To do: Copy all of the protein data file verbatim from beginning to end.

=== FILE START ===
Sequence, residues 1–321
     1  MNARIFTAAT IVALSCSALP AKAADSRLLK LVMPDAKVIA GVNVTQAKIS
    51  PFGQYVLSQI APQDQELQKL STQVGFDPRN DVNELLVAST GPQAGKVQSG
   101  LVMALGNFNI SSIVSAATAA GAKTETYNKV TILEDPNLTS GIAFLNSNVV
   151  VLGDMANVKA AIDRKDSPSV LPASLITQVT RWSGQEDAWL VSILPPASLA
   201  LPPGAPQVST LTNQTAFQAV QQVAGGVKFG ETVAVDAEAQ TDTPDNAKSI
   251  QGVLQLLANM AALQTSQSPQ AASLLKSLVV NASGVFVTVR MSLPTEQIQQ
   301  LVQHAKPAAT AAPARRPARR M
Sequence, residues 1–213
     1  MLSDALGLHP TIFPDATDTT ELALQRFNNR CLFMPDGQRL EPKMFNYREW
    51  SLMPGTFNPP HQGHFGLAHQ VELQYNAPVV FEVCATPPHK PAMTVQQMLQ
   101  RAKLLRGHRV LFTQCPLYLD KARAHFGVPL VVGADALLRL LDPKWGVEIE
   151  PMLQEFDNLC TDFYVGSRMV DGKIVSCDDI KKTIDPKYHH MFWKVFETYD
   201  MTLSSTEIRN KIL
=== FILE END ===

Sequence, residues 1–321
     1  MNARIFTAAT IVALSCSALP AKAADSRLLK LVMPDAKVIA GVNVTQAKIS
    51  PFGQYVLSQI APQDQELQKL STQVGFDPRN DVNELLVAST GPQAGKVQSG
   101  LVMALGNFNI SSIVSAATAA GAKTETYNKV TILEDPNLTS GIAFLNSNVV
   151  VLGDMANVKA AIDRKDSPSV LPASLITQVT RWSGQEDAWL VSILPPASLA
   201  LPPGAPQVST LTNQTAFQAV QQVAGGVKFG ETVAVDAEAQ TDTPDNAKSI
   251  QGVLQLLANM AALQTSQSPQ AASLLKSLVV NASGVFVTVR MSLPTEQIQQ
   301  LVQHAKPAAT AAPARRPARR M
Sequence, residues 1–213
     1  MLSDALGLHP TIFPDATDTT ELALQRFNNR CLFMPDGQRL EPKMFNYREW
    51  SLMPGTFNPP HQGHFGLAHQ VELQYNAPVV FEVCATPPHK PAMTVQQMLQ
   101  RAKLLRGHRV LFTQCPLYLD KARAHFGVPL VVGADALLRL LDPKWGVEIE
   151  PMLQEFDNLC TDFYVGSRMV DGKIVSCDDI KKTIDPKYHH MFWKVFETYD
   201  MTLSSTEIRN KIL